Max Homa rallies to win Fortinet Championship at Silverado

NAPA, CA, Sept. 20 (U.S.): Max Homma’s decision to ditch his often comedic poplar podcast to focus on his game is already paying off.

Homma hid from the Eagle’s 95 yards in 4 par 4 to start a nine-back and add three birdies for the seven under 65 and a one-stroke victory on Sunday in the season-opening Fortinet Championship.

“I had complete control today,” said Homa, who saved Equality out of the sand three times. “I had a really good warm-up, and hit the wedges really well. The only stealth I made was kind of right, so I felt like I had good control. It feels really nice.” AP reports.

Three strokes behind Maverick McNealy with seven holes left, Homa followed the eagle with a birdie on a par-4 13. The 30-year-old former UCLA player tapped another birdie in 15th and ran 18 feet into position fourteenth. He broke the par-5 18 to finish at 19-under 269.

HUMA won for the second time this year and the third time on the PGA Tour. He won the Riviera in Los Angeles in February.

His latest win came a week after Homa ended the “Get A Grip” podcast he had co-hosted for nearly two years.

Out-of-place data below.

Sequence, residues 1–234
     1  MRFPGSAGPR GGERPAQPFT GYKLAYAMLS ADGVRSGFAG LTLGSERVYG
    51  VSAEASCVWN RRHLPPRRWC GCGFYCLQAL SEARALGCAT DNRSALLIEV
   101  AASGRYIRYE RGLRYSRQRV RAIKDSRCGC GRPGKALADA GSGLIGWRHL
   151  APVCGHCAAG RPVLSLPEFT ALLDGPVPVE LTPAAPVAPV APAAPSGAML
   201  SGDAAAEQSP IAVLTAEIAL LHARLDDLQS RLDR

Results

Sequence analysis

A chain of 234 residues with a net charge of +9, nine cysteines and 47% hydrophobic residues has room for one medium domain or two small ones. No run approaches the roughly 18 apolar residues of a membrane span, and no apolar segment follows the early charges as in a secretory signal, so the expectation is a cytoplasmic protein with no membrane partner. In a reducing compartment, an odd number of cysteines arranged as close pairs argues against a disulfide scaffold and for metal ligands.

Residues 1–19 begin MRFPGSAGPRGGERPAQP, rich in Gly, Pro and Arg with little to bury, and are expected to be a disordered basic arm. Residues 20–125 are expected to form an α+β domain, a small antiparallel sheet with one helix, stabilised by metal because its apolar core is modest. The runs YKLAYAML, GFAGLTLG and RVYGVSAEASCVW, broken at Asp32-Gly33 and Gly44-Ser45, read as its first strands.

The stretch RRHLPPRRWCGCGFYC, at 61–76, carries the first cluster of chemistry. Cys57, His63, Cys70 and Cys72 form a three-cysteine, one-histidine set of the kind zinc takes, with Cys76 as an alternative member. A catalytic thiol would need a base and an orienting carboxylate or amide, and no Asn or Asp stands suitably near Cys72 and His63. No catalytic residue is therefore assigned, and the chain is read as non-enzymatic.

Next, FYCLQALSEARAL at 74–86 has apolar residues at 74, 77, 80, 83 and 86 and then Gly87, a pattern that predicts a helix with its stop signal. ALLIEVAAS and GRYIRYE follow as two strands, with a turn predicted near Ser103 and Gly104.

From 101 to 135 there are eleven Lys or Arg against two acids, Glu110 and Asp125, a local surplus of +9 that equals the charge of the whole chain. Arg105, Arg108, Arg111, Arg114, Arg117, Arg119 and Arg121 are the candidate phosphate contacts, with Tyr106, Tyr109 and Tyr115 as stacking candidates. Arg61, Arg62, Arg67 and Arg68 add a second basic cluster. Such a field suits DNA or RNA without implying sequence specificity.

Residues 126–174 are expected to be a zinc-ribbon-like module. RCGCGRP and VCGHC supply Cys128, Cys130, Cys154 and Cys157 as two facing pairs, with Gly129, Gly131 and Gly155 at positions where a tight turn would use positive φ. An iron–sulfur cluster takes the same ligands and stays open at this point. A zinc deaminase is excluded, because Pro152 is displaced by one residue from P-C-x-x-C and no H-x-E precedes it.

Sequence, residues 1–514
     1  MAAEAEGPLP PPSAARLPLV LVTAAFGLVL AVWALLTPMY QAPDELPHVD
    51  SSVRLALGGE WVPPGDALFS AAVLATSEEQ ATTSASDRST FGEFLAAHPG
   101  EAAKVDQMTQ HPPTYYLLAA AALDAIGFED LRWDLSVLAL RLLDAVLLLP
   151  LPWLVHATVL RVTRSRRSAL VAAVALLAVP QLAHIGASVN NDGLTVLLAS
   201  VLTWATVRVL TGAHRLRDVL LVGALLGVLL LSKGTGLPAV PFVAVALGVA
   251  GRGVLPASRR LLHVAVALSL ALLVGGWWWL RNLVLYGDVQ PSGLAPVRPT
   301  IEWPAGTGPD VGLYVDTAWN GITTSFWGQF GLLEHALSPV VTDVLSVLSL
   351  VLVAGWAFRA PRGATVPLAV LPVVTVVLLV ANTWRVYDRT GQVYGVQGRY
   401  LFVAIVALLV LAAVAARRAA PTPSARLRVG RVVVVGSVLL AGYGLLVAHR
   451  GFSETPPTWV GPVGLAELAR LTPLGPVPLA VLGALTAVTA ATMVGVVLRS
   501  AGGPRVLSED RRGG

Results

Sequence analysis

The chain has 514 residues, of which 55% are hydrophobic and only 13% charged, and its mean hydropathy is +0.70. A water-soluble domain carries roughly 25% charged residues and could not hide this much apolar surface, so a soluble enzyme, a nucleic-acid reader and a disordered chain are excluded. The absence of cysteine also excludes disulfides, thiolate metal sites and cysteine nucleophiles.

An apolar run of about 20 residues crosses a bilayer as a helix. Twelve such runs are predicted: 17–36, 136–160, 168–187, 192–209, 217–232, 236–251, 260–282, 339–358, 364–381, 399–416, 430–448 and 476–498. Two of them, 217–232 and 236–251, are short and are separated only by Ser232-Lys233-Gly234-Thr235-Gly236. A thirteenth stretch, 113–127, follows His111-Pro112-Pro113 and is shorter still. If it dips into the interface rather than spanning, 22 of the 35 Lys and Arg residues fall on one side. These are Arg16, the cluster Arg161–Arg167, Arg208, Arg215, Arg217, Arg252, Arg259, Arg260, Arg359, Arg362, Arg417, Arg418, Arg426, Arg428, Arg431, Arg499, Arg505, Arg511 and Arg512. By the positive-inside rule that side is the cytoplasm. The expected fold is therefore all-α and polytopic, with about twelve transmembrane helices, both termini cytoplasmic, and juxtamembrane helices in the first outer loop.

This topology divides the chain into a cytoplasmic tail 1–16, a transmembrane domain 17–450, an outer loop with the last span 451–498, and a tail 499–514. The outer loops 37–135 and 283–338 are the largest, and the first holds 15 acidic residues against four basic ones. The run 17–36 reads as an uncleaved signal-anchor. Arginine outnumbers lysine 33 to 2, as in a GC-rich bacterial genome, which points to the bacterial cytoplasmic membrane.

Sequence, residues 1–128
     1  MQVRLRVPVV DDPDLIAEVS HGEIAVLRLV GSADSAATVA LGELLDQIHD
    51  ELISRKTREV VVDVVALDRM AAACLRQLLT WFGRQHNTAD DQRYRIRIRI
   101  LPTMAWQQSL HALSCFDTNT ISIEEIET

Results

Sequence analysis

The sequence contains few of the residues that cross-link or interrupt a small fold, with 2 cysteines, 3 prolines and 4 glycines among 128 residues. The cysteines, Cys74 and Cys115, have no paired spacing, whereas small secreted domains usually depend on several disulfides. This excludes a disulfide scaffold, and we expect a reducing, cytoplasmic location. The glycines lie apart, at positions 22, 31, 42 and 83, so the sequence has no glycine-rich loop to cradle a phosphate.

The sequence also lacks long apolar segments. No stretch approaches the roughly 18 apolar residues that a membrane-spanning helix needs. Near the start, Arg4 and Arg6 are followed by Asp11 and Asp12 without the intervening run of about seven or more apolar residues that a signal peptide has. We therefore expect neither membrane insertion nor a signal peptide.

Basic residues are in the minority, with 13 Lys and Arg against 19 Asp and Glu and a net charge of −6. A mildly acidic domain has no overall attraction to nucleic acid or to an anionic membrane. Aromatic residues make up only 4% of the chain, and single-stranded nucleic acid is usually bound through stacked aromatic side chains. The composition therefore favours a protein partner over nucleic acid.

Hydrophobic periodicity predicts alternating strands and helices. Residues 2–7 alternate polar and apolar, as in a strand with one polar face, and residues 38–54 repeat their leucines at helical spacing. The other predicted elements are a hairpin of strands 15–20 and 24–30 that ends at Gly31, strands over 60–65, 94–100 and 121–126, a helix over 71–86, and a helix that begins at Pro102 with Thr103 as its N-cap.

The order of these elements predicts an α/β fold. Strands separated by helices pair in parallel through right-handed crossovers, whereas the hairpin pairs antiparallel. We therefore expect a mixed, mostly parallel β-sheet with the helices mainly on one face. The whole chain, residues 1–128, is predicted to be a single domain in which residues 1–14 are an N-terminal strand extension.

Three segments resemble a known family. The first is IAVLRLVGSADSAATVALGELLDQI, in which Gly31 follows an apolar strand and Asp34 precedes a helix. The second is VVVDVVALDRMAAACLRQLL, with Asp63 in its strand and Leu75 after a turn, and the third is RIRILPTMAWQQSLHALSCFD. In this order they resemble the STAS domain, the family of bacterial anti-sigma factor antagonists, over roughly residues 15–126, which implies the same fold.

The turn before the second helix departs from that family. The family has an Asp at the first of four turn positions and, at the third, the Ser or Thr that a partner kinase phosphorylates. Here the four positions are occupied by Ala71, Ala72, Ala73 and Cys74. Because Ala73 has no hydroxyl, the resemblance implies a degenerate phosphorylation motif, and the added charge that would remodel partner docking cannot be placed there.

“I love doing it…but at some point I had no preference in having to redo all the bad things that had happened,” Homa said. “My games got to the point where they could be really good.”

McNealy fired 68 to finish second. He did a No. 16 bird, then double bogey at 17 and an eagle at 18. The son of billionaire and former Sun Microsystems CEO Scott McNeely, the 25-year-old grew up in Palo Alto and starred in Stanford.

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“I was fine in the morning, but I had a few short mishaps late in the day,” McNeely said. “If I hit that fairway at 17, I put a birdie, it’s a different story.”

Mito Pereira (68) finished third with 16 under. Followed by Mark Leishman (65) and Taylor Gotsch (68) at under 15. Masters champion Hideki Matsuyama (66) tied for sixth with 13 under. PGA Championship winner Phil Mickelson (75), was 7 under.

Jim Knoss (74) started the day with a draw with McNeely, but he couldn’t find his rhythm and finished in the under 12. Knous, who has another start with a medical exemption, landed his opening jersey in the spectator’s chair and had a triple bogey at No. 14.

Houma played in the duo right in front of McNeely, smashing three of the last four holes in the front nine, then dropping a hit on No. 10.

He got back on track and circled around two holes later when his approacher at 12 landed on the front of the green and rolled into the cup as Homma raised his finger in the air.

“You want to have a Tiger (Woods) moment,” Homma said. “He managed to win from everywhere. Sometimes when you put yourself in that state of mind, great things happen.”

RAE

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